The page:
Could Toshiba turn its back on $18 billion chip unit sale?

A Toshiba shareholder has told the firm that the sale is not necessary
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There’s never a dull moment at Toshiba. Just when everything looked like it had settled down, a shareholder comes out of the woodwork and throws a fresh spanner into the works.

According to Reuters, a Hong-Kong based investor has told Toshiba directors to pull out of its $18 billion sale of its chip unit to a consortium led by Bain Capital and including Apple. The shareholder claims that due to a recent capital injection, the funds are no longer needed.

According to Reuters, Argyle Street Management Ltd, a hedge fund with $1.2 billion under management, sent the letter to Toshiba’s board urging it to pull out of the sale. Argyle is also calling on the 30-plus overseas investors who participated in Toshiba’s recent 600 billion yen ($5.3 billion) new share issue to team up and is already in talks with at least three funds who share the same view, Chan said.

Argyle believes ‘there no longer is any urgency to undertake a sale of Toshiba Memory’. It added: “The $18 billion price tag for the chip unit significantly undervalues the business.”

It comes as Toshiba readies itself to tie up an agreement with Western Digital to avoid legal action over the sale of its memory unit. According to reports, the two parties have agreed to settle the dispute over Toshiba’s $18 billion sale of its chip unit. The settlement on the table calls for Western Digital to drop arbitration claims seeking to stop the sale in exchange for Toshiba allowing it to invest in a new production line for advanced flash memory chips that is slated to start next year.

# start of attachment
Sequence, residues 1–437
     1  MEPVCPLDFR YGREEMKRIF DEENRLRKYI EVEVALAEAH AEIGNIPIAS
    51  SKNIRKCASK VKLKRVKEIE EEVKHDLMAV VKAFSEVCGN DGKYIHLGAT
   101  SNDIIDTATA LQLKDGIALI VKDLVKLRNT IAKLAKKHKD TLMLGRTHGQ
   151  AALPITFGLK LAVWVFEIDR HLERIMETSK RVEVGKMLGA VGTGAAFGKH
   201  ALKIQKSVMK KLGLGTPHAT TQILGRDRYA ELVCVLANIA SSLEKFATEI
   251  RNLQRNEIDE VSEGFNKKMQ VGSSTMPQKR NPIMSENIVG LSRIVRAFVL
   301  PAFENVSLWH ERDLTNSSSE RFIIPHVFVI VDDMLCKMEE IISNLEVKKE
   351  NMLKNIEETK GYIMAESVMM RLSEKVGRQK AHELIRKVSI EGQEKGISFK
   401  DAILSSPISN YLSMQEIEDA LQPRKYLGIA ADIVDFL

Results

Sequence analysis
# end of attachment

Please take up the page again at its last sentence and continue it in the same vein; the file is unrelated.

Toshiba was forced to put the memory unit - the world’s no. 2 producer of NAND chips - on the block to cover billions of dollars in liabilities arising from its now bankrupt U.S. nuclear power unit Westinghouse.

After seven months of negotiations, lawsuits, twists and turns, Toshiba bosses finally penned an $18 billion deal for its chip unit, paving the way for a consortium led by Bain Capital and Apple to take over its memory unit. The deal looked like it was done some time before but Apple demanded new terms at the last minute sparking doubt that the deal would be complete. The consortium also includes SK Hynix, as well as Dell, Seagate Technology and Kingston Technology. Toshiba took the decision to sell off a number of its valuable assets after its nuclear arm Westinghouse was declared bankrupt after racking up insurmountable debt.

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